It’s wedding season, kid: People are getting married in barns more than ever 

People are getting married in barns aplenty these days, but does that necessarily mean weddings are more cost-effective?

Dwindling are the days of tuxedos, crystal stemware, and shimmering chandeliers that once dominated the look of the $119B wedding industry.

It’s wedding season, kid: People are getting married in barns more than ever 

The new aesthetic for weddings is “rustic chic” — AKA getting married in a barn. Sorry, no cows allowed.

According to a survey from The Knot, 15% of couples chose a barn, farm, or ranch for their wedding reception in 2017, up from just 2% in 2009.

Designer barns? Or a shed without rats?

Good news for the people who love to blame millennials for everything, according to the Atlantic, the average age of marriage hovers around 28 these days, meaning they’ve played a big role in the barn boom.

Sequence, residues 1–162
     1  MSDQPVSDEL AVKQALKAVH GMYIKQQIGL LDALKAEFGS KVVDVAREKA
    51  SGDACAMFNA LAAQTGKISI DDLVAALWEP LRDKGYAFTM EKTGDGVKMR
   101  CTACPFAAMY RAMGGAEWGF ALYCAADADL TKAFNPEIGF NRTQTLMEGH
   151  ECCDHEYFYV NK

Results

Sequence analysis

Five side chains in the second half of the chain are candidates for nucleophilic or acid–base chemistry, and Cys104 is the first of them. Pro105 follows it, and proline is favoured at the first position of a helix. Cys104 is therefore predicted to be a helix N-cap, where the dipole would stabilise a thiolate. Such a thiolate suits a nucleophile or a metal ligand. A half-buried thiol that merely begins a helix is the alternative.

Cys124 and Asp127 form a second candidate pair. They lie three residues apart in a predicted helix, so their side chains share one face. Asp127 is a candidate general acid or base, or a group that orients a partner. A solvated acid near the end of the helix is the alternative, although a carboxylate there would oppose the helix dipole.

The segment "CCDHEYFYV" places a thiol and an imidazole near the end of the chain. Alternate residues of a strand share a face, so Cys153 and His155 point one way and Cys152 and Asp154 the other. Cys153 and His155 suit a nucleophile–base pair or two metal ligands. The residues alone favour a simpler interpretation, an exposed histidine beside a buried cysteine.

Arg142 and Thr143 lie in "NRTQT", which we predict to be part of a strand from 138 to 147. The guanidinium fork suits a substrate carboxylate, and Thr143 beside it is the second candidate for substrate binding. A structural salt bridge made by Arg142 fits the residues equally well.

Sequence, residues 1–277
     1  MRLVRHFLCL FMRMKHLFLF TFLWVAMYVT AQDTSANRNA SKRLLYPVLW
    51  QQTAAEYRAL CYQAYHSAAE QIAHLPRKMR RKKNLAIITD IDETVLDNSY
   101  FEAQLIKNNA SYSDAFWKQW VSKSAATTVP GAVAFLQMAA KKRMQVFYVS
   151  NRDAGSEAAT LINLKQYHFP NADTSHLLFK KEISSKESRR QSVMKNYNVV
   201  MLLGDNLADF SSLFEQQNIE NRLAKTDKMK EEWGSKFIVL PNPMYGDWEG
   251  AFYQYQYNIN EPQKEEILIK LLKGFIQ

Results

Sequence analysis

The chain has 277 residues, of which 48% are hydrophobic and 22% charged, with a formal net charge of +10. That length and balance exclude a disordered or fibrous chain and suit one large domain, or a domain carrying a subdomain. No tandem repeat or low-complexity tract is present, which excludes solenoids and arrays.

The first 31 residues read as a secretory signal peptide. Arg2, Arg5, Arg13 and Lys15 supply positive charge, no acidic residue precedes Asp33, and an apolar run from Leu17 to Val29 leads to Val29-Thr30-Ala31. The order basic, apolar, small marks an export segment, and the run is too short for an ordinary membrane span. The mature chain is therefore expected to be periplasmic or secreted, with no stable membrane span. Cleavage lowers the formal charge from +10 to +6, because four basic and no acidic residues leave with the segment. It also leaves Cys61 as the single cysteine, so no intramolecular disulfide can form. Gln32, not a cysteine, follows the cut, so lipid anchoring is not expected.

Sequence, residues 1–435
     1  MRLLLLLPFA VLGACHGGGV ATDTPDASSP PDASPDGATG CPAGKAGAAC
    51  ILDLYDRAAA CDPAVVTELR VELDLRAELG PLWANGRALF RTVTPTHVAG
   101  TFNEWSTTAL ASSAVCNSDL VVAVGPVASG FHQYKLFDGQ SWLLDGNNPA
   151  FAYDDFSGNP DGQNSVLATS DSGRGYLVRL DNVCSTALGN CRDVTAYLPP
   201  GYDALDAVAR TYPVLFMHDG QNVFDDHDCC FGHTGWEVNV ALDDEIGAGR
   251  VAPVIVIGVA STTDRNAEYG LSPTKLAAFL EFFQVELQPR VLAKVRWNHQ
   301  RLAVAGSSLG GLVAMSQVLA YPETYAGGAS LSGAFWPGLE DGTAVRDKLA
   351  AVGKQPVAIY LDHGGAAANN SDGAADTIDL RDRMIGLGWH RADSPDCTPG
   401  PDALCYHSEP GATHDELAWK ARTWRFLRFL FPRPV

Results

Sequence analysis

And it’s hurting those who made their livelihood off the venues of yesteryear.

Studies show the number of couples choosing to celebrate in banquet halls dropped from 27% in 2009 to 17% in 2017, while similarly, hotel weddings dropped from 18% to 12%.

Bottom line: Cheaper and casual is in, and fancy is out.

Funny thing is, barns aren’t exactly cheaper.

One would assume backwoods wedding aesthetics would cut down on nuptial overhead. But in reality, Barns aren’t the hunks of termite infested junk they used to be.

Or at least not the ones people are getting married in.

Since the trend began taking off in 2011, faux barns built strictly for weddings have popped up all across the country, helping to push the average wedding cost up from $27k in 2011 to $33k in 2017.

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